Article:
It’s time to “Rediscover Your Bike” again, Windsor-Essex, as the Windsor-Essex County Health Unit launches their annual campaign aimed at increasing bike ridership and safety.
“The whole concept behind ‘Rediscover Your Bike’ was to get people to go and remember what it was like to ride a bike when they were a kid, or to reinstall the excitement of bike riding back into our community,” said Neil MacKenzie, Manager of Chronic Disease Prevention and Workplace Wellness at the Windsor-Essex County Health Unit in the Health Promotion Division.
The campaign began with the “Bike to Work Windsor” event this morning – it’s an annual event hosted by the Windsor Bicycling Committee, a group focused on increasing bike ridership – and allows participants to ride across the city from the WFCU Centre to CBC studios on Riverside Drive.
While “Rediscover Your Bike” used to centre around the “Bike to Work Windsor” event, MacKenzie explained that this year the campaign sought to be more inclusive and not just about biking to work.
“We wanted people to remember what it was like to ride a bike [and] to make sure that your [family and friends] get to enjoy that same excitement,” he said.
The bike safety campaign is heading to Leamington, Amherstburg, Cottam and Windsor over the next month and will allow for participants to learn bike and helmet safety, rules of the road, and general tips of how to ride your bike safely.
In addition, the events will feature helmet and bike giveaways.
“It’s a great opportunity,” said MacKenzie. “Everybody has fond memories of cycling at some point in their life and the trick is to carry that forward and to make sure that we do it safely.”
MacKenzie noted that the consequence of having an unsafe bike could be very significant. “It’s not just a concept, it’s a requirement to have a safe bike. When it comes to the law, there are certain safety features which have to be on your bike [reflector, bell or sound device].”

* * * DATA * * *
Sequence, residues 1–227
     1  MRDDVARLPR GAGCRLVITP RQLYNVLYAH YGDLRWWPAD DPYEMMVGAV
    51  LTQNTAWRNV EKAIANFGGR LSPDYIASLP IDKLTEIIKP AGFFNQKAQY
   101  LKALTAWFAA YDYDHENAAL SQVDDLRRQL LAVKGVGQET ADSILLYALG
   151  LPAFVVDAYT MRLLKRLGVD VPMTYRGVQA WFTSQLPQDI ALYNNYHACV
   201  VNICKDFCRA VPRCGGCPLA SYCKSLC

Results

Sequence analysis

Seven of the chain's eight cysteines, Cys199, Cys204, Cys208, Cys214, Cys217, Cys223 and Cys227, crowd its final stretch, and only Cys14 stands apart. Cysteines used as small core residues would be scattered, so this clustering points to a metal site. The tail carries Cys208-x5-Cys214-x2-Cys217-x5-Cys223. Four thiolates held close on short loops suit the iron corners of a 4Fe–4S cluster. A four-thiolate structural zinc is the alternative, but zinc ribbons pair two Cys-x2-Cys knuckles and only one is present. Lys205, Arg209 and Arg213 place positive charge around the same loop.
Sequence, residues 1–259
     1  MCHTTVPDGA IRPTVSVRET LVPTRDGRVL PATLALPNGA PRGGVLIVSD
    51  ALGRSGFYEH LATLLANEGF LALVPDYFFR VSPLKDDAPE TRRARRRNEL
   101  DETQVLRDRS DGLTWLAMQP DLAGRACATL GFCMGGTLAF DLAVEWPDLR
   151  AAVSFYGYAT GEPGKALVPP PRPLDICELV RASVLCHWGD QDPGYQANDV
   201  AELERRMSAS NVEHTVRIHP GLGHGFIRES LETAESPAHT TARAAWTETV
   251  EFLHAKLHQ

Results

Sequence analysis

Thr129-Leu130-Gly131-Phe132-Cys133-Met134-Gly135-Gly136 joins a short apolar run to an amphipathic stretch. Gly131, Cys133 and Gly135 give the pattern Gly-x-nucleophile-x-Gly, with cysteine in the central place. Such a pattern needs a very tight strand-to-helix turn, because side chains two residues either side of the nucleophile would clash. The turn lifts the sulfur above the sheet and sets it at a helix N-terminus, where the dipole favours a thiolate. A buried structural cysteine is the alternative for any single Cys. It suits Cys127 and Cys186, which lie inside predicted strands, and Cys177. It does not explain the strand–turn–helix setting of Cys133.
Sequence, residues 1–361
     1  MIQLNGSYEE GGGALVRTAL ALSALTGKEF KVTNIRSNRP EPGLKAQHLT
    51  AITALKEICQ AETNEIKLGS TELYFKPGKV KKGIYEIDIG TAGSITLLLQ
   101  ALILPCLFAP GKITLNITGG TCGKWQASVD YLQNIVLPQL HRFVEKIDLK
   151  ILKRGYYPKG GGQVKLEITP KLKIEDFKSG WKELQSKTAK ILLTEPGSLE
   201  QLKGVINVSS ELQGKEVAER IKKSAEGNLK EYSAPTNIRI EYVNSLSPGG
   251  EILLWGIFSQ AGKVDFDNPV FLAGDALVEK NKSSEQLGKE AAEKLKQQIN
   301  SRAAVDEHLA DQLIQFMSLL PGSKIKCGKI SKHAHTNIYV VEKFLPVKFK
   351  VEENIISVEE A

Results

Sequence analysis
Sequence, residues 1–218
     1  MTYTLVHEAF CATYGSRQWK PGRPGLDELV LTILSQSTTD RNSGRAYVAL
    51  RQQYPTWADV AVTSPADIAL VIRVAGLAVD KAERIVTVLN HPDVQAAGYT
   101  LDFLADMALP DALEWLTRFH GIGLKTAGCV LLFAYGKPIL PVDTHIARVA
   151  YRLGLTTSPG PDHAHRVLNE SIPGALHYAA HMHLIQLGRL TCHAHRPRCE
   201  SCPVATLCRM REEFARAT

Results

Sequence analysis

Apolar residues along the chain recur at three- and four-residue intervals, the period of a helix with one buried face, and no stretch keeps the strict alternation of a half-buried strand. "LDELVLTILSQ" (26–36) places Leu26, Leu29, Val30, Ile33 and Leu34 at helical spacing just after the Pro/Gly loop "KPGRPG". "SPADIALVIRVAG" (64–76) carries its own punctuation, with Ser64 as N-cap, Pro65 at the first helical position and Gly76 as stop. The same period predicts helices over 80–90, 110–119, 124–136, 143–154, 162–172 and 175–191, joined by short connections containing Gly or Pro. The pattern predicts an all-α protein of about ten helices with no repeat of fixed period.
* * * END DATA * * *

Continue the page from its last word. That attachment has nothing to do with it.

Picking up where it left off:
MacKenzie also noted that helmet legislation is “very important” and that even though the legislation only applies to those 18 and under, the WECHU encourages “anybody who is riding a bike to wear a helmet because it’s the safe thing to do [and] because it sets a good example for the young children who are required to wear them.”
“I cycle and I never get on my bike without putting my helmet on first, it’s like putting your seatbelt on,” said MacKenzie. “If you think about the importance of your head and what’s in your head, the consequence of having a crash and banging your head is very significant.”
MacKenzie believes Windsor-Essex to be a great area for cycling and that it’s getting “better every year. There’s more signage going up, there’s a diversity of trails, whether off road, on road bike paths, and now that the county [is] improving and linking our trail networks across the county.”
Jonathon Liedtke is the Features & Opinion Editor for the University of Windsor Lance Campus/Community Newspaper and a reporter for ourWindsor.ca. As a founding member and current Co-Chair of the Mayor’s Youth Advisory Committee, he is committed to representing, connecting, engaging with and advocating for local youth. He is also a member of Windsor’s “Punk with Horns” band The Nefidovs, and as such, is committed to enhancing and sustaining the arts community.